Cortical spreading depression was first described in 1943 by a Brazilian scientist named Aristide Leao, who, in a series of experiments, opened the skulls of rabbits and pricked their brains with a pin. When he did so, he observed actual waves of electrical reaction emanating outward from the site of the pinprick. But a pinprick is not the only stimulus that evokes cortical spreading depression. Every brain, if antagonized (such as by a medication, chemical imbalance, or some other stressor), can be susceptible to cortical spreading depression. It seems that people with migraine disease have a low threshold for cortical spreading depression (CSD), and it doesn’t take a very strong stimulus to set off CSD in the Migraine Brain. This susceptibility to CSD appears to be inherited, but we also suspect it can be induced through extreme circumstances.

Researchers have found that CSD seems to explain many if not all aspects of migraine. At first, they believed CSD was related only to the aura phase of migraine, but we now believe it may well be the underlying basis for most things migraineurs experience during an attack.

The CSD model of migraine also explains why certain drugs— some of which were developed for other conditions such as epilepsy or depression—work to prevent migraine. These drugs aren’t similar to each other in their chemical properties, but they do share a common feature: they appear to raise the threshold for aggrivating CSD. In other words, these drugs may make your brain less excitable. In an experiment at Massachusetts General Hospital, researchers found that daily doses of selected migraine drugs reduced the frequency of CSD by 40 to 80 percent.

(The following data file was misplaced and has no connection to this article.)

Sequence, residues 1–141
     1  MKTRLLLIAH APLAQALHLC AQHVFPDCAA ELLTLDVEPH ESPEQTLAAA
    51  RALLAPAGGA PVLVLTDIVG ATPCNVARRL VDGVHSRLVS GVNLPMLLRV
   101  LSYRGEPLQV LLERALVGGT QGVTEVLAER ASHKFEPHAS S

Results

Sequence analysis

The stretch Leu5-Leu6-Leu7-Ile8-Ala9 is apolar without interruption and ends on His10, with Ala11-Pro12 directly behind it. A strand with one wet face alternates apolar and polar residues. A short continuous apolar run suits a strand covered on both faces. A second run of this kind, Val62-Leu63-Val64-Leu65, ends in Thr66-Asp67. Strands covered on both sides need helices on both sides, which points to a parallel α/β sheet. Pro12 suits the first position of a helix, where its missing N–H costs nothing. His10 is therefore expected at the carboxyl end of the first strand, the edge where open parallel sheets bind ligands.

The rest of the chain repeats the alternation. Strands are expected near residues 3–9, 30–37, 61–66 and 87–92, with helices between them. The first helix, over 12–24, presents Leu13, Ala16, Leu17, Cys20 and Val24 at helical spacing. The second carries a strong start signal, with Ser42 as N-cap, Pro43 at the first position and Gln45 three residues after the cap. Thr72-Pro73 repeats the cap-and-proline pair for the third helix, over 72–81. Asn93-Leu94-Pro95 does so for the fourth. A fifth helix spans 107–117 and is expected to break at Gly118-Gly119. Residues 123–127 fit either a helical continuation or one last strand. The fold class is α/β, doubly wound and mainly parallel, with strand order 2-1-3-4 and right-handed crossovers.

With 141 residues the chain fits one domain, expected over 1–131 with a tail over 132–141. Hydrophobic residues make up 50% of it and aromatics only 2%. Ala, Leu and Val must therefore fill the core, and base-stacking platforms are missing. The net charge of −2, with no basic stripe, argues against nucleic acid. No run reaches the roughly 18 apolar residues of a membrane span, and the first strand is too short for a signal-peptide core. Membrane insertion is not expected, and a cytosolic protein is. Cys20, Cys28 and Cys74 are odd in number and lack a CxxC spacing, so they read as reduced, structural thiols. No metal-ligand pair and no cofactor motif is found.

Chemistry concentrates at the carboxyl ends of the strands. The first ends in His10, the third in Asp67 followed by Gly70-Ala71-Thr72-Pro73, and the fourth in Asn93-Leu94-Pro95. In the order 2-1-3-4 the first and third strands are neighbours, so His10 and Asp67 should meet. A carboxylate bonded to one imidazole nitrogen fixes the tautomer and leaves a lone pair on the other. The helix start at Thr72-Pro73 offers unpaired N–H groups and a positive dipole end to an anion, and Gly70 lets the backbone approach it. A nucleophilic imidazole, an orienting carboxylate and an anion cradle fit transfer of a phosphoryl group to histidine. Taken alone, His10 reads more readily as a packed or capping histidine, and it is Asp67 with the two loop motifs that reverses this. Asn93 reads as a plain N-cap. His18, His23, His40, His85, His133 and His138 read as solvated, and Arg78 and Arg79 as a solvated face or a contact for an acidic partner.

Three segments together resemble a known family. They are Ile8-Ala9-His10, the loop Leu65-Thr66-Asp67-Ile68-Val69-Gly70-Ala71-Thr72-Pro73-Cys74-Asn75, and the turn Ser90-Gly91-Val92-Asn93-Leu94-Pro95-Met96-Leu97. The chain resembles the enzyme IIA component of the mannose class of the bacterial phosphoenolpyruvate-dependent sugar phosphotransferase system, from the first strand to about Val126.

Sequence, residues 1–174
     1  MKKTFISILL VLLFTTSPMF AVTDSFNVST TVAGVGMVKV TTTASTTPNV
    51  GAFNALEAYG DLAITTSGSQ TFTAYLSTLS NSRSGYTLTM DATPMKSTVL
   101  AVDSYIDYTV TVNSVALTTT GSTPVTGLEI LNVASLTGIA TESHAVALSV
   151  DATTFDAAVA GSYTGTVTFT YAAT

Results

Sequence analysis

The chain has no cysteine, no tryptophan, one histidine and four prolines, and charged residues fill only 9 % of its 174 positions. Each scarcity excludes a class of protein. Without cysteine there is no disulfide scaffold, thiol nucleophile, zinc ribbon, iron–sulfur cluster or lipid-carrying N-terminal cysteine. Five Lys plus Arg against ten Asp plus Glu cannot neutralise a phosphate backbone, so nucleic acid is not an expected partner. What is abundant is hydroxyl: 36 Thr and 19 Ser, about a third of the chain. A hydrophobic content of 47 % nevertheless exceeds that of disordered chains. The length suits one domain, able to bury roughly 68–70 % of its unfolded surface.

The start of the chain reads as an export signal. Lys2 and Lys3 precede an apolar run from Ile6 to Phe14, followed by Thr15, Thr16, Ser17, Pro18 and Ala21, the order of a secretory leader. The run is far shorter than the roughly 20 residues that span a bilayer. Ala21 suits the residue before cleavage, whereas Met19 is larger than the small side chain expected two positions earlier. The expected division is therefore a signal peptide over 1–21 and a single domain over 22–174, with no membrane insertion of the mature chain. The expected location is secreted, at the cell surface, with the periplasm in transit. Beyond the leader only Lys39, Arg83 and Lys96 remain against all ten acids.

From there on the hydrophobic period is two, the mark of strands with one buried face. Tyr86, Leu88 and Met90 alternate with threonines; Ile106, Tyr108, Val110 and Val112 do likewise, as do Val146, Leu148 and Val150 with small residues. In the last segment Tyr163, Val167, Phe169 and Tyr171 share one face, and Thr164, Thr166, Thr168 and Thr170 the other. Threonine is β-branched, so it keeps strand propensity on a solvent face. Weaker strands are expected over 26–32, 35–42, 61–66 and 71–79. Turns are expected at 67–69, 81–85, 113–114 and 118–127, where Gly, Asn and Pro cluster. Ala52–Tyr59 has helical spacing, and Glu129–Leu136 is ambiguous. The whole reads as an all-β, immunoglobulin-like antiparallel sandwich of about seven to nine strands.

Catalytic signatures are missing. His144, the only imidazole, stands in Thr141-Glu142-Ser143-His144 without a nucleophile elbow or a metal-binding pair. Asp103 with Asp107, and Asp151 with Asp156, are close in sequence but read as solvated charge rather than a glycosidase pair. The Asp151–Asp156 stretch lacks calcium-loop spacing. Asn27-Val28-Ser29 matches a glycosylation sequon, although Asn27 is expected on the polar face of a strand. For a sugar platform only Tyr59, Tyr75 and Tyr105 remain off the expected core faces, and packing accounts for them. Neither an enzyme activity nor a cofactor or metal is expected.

Here’s how we now believe migraine works: A migraineur’s central nervous system is overly sensitive to certain stimuli. When it encounters something it doesn’t like—a change in weather, let’s say, or fluctuations in estrogen levels—it sends a “red alert” to your overly excitable Migraine Brain, which reacts by setting off cortical spreading depression. In CSD, a wave of electrical excitement moves rapidly across your brain. (Don’t get worried about the electrical activity here—it doesn’t mean you’re in danger of electrocution.) During CSD, nerve cells in your brain become depolarized initially, then hyperpolarized, causing “depression.” In short, cell membranes, the outer protective layer of each cell, become unstable, allowing changes in the usual chemical balance. This instability spreads to other nearby cells in a chain reaction.

This wave of excitement does a number of things, including igniting the trigeminal nerve, a sensory nerve on either side of your face and head that supplies sensation and pain to your face, head, and the nerve roots at the top of your spine that supply the scalp. The trigeminal nerve then releases neuropeptides, small proteins that cause inflammation and dilate blood vessels in your head and around your brain.